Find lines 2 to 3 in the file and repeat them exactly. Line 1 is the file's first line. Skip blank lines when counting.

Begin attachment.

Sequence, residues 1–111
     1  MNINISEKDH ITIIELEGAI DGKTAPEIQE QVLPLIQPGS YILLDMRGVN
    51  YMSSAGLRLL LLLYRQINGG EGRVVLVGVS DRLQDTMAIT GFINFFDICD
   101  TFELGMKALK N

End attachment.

     1  MNINISEKDH ITIIELEGAI DGKTAPEIQE QVLPLIQPGS YILLDMRGVN
    51  YMSSAGLRLL LLLYRQINGG EGRVVLVGVS DRLQDTMAIT GFINFFDICD